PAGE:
prey, the prairie dog, was wiped out across 97 percent of its historic
range; since 2000, ferrets have been reintroduced in 13 American
habitats, five of them on tribal land.
"Now that we're getting our own people back here," Ms. Boyd-Valandra
said, "you get the work and also the passion and the connection."
One of her mentors is Shaun Grassel, 42, a biologist for the Lower
Brule Indian Reservation in South Dakota. "What's happening gives
me a lot of hope," he said.
Though each reservation is sovereign, wildlife restoration has
been guided to a degree by grants from the federal government. Since
2002, the Fish and Wildlife Service has given $60 million to 170
tribes for 300 projects that aided unique Western species, including
gray wolves, bighorn sheep, Lahontan cutthroat trout and bison.
"Tribal land in the U.S. is about equal to all our national
wildlife refuges," said D. J. Monette of the wildlife agency. "So
tribes really have an equal opportunity to protect critters."
Nonprofit conservation organizations have also helped. But tribe
leaders say that what drives their efforts is a cultural memory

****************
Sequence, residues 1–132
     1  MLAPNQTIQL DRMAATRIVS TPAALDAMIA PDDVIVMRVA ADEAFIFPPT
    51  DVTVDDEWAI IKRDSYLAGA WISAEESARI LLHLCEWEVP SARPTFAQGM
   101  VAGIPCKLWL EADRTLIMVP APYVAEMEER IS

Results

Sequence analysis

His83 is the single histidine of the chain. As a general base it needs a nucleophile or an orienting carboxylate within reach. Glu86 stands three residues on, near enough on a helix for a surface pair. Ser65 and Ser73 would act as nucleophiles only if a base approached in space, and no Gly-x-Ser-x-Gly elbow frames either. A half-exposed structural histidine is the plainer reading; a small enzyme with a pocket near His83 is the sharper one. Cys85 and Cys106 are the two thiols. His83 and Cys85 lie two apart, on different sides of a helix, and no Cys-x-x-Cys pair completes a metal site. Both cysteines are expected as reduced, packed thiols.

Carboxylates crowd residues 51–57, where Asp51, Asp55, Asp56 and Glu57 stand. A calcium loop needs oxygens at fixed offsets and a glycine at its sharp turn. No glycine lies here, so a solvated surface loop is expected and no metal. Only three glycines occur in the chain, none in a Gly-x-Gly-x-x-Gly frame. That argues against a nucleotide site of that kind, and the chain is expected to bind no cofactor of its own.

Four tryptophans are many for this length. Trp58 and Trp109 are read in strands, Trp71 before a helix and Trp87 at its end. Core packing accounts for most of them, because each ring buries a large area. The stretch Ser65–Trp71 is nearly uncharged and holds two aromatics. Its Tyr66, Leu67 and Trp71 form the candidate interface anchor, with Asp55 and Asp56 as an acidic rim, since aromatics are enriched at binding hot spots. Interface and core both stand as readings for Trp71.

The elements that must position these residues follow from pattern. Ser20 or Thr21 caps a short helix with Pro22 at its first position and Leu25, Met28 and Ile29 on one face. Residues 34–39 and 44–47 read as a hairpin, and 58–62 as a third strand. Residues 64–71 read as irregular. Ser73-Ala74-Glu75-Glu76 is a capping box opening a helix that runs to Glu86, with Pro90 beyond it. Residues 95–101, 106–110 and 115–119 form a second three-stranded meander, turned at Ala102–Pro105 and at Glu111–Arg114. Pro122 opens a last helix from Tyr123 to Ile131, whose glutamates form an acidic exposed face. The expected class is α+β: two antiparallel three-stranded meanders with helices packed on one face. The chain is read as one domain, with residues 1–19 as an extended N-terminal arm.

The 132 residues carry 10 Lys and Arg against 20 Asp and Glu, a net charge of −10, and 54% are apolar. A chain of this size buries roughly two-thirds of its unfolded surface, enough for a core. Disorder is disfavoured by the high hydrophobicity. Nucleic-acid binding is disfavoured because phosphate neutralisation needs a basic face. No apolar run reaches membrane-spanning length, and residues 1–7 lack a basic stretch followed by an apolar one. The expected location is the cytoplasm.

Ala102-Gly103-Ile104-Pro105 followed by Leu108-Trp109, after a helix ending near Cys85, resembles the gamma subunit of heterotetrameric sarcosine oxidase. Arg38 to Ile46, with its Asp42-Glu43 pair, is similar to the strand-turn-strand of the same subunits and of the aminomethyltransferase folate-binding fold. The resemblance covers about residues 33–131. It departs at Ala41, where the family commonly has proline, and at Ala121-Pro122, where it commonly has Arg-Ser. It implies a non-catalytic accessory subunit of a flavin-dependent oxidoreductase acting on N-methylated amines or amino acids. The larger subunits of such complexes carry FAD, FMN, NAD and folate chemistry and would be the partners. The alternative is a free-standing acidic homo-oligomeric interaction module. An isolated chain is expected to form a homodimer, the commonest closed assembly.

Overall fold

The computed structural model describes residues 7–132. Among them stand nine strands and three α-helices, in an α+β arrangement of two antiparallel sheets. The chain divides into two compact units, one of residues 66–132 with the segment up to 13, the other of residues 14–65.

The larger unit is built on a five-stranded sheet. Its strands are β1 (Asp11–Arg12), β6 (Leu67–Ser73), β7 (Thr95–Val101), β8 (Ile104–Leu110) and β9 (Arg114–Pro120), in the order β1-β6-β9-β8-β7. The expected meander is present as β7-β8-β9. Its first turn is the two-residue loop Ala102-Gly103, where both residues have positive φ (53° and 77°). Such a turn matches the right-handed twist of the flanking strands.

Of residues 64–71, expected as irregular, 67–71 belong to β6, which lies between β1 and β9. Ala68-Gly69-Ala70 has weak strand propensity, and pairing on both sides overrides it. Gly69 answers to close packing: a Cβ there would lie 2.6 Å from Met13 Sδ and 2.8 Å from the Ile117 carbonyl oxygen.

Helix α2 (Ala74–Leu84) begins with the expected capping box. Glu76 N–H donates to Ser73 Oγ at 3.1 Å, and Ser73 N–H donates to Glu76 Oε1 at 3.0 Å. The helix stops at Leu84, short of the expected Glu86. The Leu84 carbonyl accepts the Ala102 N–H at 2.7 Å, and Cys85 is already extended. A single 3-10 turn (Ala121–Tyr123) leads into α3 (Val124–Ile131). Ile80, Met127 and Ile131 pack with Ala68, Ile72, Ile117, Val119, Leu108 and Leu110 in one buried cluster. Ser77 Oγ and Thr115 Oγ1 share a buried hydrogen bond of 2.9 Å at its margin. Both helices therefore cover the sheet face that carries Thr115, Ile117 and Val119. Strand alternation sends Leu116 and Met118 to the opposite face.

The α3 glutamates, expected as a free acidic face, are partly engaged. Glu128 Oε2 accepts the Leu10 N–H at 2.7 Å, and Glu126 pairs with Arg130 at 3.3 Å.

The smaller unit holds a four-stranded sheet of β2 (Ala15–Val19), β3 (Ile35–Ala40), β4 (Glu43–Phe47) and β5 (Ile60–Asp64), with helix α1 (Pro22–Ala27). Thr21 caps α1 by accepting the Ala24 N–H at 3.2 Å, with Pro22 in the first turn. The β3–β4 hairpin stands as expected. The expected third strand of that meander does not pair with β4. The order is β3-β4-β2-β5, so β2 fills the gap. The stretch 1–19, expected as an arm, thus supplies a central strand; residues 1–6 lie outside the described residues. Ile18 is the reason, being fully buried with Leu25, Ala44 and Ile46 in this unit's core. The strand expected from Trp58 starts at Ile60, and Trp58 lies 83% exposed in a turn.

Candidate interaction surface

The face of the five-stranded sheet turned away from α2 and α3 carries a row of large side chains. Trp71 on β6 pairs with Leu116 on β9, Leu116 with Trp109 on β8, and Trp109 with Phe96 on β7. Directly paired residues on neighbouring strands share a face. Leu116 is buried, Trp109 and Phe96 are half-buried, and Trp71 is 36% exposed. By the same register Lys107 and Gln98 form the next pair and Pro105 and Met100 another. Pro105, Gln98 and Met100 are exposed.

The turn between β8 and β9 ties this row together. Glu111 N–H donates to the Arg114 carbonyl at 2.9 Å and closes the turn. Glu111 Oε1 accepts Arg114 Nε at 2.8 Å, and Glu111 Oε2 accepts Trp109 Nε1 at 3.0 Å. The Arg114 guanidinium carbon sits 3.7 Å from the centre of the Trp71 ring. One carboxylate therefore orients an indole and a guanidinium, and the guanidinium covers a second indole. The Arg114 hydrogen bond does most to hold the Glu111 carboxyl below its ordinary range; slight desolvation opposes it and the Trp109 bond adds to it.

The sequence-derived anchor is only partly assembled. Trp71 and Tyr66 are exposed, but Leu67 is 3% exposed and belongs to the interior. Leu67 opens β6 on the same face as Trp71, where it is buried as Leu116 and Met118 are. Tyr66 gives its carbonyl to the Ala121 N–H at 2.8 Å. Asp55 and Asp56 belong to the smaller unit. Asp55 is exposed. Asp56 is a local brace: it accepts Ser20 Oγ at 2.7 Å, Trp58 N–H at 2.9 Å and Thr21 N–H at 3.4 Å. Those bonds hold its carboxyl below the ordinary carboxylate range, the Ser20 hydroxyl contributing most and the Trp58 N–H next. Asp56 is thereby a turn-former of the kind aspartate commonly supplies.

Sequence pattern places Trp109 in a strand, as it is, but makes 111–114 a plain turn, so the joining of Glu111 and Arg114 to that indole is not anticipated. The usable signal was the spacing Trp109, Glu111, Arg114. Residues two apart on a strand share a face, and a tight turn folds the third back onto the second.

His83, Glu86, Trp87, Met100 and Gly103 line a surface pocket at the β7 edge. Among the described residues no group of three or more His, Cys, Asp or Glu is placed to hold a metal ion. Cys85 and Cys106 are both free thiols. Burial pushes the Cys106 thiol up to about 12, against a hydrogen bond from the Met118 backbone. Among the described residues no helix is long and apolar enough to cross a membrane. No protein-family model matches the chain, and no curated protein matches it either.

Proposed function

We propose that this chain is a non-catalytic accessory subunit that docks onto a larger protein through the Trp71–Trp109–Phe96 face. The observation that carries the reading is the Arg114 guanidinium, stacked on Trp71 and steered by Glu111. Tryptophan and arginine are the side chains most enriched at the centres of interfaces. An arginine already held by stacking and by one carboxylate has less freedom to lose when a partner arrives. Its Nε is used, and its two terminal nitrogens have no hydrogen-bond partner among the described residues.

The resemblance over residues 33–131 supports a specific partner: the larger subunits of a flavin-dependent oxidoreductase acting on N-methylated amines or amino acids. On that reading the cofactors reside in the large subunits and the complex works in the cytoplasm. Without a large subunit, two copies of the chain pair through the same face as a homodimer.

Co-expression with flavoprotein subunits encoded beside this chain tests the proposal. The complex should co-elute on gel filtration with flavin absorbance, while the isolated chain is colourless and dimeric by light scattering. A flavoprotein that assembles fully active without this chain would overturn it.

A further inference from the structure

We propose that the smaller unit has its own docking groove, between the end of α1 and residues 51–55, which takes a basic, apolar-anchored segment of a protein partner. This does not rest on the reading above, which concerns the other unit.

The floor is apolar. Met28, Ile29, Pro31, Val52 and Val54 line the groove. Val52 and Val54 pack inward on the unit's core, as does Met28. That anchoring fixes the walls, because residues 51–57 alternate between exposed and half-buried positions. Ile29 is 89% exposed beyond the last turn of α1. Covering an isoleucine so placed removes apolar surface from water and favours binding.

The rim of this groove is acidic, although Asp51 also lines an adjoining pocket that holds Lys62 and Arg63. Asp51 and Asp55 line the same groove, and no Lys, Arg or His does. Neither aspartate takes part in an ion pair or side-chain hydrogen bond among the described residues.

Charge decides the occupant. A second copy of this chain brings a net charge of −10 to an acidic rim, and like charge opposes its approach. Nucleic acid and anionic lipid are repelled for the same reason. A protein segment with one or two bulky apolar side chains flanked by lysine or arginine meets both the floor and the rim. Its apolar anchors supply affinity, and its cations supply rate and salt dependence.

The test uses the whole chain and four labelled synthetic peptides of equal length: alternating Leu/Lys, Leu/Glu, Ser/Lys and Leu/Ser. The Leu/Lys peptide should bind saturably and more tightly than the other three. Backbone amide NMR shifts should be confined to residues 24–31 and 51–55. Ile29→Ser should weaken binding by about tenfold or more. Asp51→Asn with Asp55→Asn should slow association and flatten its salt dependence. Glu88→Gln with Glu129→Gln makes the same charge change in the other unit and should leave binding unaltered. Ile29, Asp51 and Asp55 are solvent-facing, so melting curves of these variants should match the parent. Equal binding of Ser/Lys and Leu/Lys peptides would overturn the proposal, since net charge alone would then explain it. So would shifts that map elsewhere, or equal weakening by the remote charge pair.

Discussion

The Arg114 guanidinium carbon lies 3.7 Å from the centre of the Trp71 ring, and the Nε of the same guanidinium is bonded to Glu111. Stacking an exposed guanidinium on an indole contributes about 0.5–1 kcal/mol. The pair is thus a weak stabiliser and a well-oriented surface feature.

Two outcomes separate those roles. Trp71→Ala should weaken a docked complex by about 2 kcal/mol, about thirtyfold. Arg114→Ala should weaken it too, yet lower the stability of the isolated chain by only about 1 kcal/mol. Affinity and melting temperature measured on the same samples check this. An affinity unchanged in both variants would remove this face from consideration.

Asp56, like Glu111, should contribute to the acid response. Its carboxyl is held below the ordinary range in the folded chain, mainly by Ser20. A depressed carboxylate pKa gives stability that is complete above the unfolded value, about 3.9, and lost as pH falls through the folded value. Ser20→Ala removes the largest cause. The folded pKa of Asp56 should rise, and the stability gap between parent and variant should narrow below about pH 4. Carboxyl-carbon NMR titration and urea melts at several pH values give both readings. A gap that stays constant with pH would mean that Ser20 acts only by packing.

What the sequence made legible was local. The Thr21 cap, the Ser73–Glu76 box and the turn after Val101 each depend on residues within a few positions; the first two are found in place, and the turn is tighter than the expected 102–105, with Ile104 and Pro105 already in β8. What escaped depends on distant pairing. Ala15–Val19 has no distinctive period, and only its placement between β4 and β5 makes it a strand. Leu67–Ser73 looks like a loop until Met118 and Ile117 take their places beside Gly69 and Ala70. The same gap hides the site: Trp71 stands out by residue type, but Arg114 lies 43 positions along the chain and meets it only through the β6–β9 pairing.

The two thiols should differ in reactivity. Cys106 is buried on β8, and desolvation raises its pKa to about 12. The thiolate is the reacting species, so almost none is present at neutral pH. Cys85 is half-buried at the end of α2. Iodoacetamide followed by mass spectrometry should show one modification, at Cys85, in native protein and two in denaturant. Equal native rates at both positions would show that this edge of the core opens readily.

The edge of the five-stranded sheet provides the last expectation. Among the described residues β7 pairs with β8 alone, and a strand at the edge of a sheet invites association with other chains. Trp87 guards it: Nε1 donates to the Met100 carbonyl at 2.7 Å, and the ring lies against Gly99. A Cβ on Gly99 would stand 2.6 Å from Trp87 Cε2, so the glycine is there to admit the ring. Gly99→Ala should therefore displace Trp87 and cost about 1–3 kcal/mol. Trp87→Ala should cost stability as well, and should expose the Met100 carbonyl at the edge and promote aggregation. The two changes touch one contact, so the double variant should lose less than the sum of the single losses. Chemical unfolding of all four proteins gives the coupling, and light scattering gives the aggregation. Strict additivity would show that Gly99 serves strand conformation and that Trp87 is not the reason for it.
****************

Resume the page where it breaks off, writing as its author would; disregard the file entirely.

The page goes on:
that was passed down from ancestors who knew the land before European
settlement when it teemed with wildlife.
"Part of our connection with the land is to put animals back,"
said Mark Azure, 54, the president of the Fort Belknap tribe. "And
as Indian people, we can use Indian country."
In late 2013, during the painful federal sequestration that
forced layoffs on reservations, Mr. Azure authorized the reintroduction
of 32 bison from Yellowstone and 32 black-footed ferrets. That helped
secure several thousand dollars from the nonprofit Defenders of
Wildlife and kept some tribe members at work on the reintroduction
projects, providing employment through an economic dip and advancing
the tribe's long-term vision of native ecosystem restoration. The
next project is an aviary for eagles.
One night last fall, Kristy Bly, 42, a biologist from the World
Wildlife Fund, visited the reservation to check on the transplanted
black-footed ferrets. Mena Limpy-Goings, 39, a tribe member, asked
to ride along because she had never seen one.
They drove around a bison pasture under the Northern Lights
for hours, until the spotlight mounted on Ms. Bly's pickup reflected
off the eyes of a ferret dancing atop a prairie dog burrow.
"Yee-hoo!" Ms. Bly cheered. "You're looking at one of only 500
alive in the wild."
Ms. Limpy-Goings hugged herself.
"It is," she says, "more beautiful than I ever imagined."